In today’s passage from the Letter to the Ephesians we encounter the contrast between darkness and light in quite a different context. Here we are shown striking paradoxes of the Christian faith: death can bring about life and light is only fully grasped when there is darkness. We are told that Paul is in prison, where it must be cold, dark and lonely. We may ask how this time in prison can possibly further Paul’s missionary task. But for Paul this is a time when he reflects upon the mysterious ways in which God’s activity can occur. What was previously hidden now comes to light. Thus he finds that God’s purpose is now known through Christ Jesus our Lord, who was also a prisoner before his crucifixion. Hesees that weakness and suffering are agents that God uses, in God’s wisdom, to teach and challenge the earthly powers.
Amazingly, he seems not to lose heart. He goes on thanking God for his great goodness as he endures his sufferings. By dwelling on the extraordinary goodness and generosity of God towards ourselves, we too are given the means of serving other people in whatever way we can.
Our first and magisterial reading gives us a wonderful vision for the future. Here a great light comes into a dark world. It shines from the Jews, newly confident in Jerusalem. This great light shines also on gentiles who are in darkness and so they become drawn to God’s people, shining in light, bearing gifts of gold and frankincense. God’s plan for humanity has always included far more than the Jews. About five centuries later, Jesus’ family must have become aware of this when the wise men arrived, following a star and bearing two of the same gifts as the visitors in Isaiah’s time did.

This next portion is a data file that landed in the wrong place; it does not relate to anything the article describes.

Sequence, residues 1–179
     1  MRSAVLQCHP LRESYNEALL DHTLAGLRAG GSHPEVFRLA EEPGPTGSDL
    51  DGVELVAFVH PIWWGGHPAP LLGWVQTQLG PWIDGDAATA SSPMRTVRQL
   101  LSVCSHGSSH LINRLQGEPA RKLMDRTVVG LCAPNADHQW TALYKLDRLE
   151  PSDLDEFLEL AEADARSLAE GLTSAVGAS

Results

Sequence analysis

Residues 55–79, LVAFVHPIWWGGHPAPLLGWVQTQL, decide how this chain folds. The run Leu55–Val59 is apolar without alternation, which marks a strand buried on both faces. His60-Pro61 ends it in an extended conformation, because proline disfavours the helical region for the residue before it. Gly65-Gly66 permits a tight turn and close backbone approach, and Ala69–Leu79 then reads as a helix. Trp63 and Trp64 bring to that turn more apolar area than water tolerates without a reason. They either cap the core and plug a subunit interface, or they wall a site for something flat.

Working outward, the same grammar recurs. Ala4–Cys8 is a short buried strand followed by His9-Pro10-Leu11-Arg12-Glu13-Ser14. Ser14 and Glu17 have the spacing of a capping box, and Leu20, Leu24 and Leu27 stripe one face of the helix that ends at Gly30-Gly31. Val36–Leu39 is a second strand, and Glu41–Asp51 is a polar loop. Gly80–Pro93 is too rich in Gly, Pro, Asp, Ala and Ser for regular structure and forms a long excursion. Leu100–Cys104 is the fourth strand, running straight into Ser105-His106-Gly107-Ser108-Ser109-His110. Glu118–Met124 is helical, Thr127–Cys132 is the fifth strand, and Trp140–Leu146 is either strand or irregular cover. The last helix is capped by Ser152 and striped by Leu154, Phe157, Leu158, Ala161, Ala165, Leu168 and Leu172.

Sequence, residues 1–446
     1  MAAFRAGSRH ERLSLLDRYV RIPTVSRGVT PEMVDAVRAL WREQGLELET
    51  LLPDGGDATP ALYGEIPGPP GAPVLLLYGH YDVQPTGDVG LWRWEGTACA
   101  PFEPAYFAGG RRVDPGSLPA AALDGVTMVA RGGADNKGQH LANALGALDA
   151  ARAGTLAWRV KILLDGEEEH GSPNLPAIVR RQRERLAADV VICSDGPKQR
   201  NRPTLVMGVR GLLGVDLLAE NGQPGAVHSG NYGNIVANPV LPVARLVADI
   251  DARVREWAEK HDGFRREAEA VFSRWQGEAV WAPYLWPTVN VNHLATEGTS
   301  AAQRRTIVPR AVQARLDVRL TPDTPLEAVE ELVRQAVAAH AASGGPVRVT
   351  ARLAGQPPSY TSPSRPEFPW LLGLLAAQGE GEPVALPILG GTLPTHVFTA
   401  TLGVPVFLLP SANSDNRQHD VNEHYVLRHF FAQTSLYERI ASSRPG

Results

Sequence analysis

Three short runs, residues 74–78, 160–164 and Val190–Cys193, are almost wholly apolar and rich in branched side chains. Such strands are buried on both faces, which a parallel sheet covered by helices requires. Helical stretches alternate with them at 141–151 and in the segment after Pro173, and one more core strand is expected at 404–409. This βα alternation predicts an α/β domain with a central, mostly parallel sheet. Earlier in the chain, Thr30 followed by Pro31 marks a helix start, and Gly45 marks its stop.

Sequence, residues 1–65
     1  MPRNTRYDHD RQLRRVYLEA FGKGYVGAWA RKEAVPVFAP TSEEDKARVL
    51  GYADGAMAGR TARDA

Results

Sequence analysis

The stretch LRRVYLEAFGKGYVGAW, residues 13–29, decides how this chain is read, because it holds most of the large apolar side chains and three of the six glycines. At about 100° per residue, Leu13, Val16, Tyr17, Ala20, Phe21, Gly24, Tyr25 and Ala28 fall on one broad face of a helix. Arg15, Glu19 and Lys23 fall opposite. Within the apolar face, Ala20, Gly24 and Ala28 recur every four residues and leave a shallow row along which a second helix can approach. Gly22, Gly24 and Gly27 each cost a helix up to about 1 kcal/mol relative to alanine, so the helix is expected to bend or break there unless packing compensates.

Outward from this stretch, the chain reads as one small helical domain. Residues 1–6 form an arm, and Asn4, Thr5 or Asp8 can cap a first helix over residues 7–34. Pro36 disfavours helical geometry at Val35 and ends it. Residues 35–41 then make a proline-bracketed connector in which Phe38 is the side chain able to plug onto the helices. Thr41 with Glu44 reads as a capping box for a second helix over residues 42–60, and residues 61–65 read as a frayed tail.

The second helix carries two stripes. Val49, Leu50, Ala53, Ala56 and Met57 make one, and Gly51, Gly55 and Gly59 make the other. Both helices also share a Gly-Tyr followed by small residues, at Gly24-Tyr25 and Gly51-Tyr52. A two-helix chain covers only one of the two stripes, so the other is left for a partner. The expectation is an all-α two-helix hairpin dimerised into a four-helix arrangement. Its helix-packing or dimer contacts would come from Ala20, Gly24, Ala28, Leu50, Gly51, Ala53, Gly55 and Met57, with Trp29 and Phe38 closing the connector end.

Isaiah provides us with an astonishing pre-echo of Jesus’ commissioning his followers. In Matthew’s gospel we find Jesus saying “You are the light of the world. A city built on a hill cannot be hidden. Let your light shine before others, so that they may see your good works and give glory to God in heaven”.
We have seen that the light that shone upon the Jews in Isaiah’s time drew others who were in darkness into the same light. That same light shone in the life and witness of Jesus. In turn, Jesus has passed that light on to billions of people down the ages and now it has reached you and me here this morning. Let us remember that in part this is a light to illuminate our own inner world. This is always necessary, and may also often be uncomfortable. But it is also a light enabling us to reflect God’s love to the world around us. As Isaiah wrote, let us now give thanks for the gift of God’s light. Our moment has come. Whatever this new yearwill bring us, let us be thankful and let us echo the words of Isaiah: Arise, shine; for our light has come. Amen.